April 10, 2020
Many companies are allowing their employees to drive business vehicles for personal use, whether it’s an owner driving to the store or an employee running an errand.
Although it appears to be harmless, allowing company vehicles to be used for personal use opens up your business to a significant amount of legal risk.
Your business could be on the hook financially and face damage to its reputation is certain actions occur, such as drinking and driving or a severe personal accident.
If this is a practice in your business – even if it is just one instance of allowing employees to use company cars for personal use – we suggest you find out if you have personal use of company vehicle insurance.
We’ll also suggest some changes you can make to your commercial auto insurance policy to better accommodate the risk and ensure you are protected.
To have coverage on any insurance policy, you must be a "Named Insured," meaning you are eligible to receive coverage under the insurance program. Naturally, this is the first place we will look when making a coverage determination.
Here is what most commercial auto insurance policies include as the Named Insured:
Under a commercial auto insurance policy, you have three basic types of Named Insured.
Named Insured For A Covered Auto
Permissive User Of A Covered Auto
Anyone Held Vicariously Liable For An Insured
Since using a company vehicle for personal use is considered permissive use of a vehicle, in this insight, we will focus on #2: "Permissive User of a Covered Auto." Before moving on, please note that not all permissive users of a covered auto are Named Insureds.
You can see that there are five exclusions to the permissive use of a covered auto. If you have an employee driving your company vehicle and are included in one of these exclusions, you might not have coverage for personal use.
Now that we have determined whether the employee is a Named Insured, we have to look into the variables that could affect the exposure to risk your employee and your company face while allowing personal use of company cars.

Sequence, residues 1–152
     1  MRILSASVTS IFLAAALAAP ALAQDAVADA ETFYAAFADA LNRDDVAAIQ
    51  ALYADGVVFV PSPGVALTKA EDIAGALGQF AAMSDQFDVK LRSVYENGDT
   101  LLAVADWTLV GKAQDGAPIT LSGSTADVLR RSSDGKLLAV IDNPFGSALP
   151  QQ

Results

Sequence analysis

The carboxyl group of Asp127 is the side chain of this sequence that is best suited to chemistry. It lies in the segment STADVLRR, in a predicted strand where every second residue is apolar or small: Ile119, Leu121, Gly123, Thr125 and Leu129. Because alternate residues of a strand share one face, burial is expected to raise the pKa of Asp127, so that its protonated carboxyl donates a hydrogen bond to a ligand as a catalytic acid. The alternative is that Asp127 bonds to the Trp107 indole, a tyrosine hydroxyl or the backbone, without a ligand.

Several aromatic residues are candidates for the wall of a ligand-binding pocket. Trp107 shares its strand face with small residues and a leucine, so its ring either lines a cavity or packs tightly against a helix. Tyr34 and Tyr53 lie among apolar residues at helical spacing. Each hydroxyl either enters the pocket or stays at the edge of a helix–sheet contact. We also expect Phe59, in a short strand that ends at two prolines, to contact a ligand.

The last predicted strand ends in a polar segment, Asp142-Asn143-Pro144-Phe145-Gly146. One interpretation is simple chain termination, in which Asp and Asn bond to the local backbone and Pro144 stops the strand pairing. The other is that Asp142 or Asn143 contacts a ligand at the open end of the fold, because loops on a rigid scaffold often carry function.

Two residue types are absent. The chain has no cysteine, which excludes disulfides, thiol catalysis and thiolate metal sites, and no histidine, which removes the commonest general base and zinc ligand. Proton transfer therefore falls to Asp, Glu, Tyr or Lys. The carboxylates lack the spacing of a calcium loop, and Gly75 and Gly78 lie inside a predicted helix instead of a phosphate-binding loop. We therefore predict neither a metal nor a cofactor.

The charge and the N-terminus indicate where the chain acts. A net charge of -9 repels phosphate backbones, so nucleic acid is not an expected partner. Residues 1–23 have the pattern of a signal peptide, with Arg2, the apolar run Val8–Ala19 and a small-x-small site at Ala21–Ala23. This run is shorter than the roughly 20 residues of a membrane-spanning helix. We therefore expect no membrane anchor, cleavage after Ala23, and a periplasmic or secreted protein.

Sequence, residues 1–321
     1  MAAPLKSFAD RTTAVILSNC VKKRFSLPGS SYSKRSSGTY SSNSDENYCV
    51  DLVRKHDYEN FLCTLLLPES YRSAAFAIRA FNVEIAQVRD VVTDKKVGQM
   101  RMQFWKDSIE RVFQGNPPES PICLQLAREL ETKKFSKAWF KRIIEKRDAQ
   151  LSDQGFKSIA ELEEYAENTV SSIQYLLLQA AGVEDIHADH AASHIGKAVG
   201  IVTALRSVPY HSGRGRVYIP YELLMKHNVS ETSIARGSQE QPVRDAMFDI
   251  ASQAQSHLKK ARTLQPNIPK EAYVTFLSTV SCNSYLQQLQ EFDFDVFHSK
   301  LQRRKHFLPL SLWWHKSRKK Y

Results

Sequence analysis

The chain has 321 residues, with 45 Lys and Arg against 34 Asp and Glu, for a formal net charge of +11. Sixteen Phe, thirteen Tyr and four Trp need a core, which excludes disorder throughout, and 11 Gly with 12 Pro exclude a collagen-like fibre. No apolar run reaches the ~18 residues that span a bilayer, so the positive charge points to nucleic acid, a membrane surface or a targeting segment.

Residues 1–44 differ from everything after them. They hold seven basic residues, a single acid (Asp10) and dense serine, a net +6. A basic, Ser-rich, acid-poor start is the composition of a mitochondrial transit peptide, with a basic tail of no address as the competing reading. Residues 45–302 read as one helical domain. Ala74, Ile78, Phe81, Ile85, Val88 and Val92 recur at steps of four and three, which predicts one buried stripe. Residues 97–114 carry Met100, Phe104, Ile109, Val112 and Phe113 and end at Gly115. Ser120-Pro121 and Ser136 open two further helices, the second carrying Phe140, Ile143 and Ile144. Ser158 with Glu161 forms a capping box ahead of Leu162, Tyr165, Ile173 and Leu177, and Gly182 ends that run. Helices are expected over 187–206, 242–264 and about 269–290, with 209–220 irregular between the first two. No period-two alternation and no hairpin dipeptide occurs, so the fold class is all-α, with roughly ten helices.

Here are some important questions to ask yourself:
Personal auto insurance better covers the risks that individuals face while using a vehicle for personal use, as opposed to a business auto insurance policy, which is better designed to deal with business-related accidents.
Does your employee have other vehicles with personal auto insurance, or are they relying strictly on your commercial auto insurance policy to provide the coverage that they need?
If your employee does not have coverage on another vehicle that they own, we suggest that they purchase furnished car coverage (if available – some insurance companies do not offer this policy). Alternatively, the company can purchase Drive Other Car coverage to add to the commercial auto policy. Below you’ll find additional details on how to correctly add Drive Other Car coverage.
Although Drive Other Car coverage, or DOC, is not as broad as a personal auto policy, it does provide some of the same protections as a personal auto policy, such as the ability to drive cars that they do not own and still be covered for auto liability.
We suggest creating a contract with every employee that uses a company vehicle for personal use that includes accident reporting, driver qualifications, authorized vehicle use and so on.
Having a policy that determines permissive and non-permissive use of the vehicle can be critical in mitigating the risks that your business could be exposed to while the vehicle is not under your control.
Having employees driving around at all times of the day in conditions that you cannot control creates a significant amount of risk. This could have the unintended consequences of exceeding your liability limits and leaving the business to pay the remainder of the legal judgment.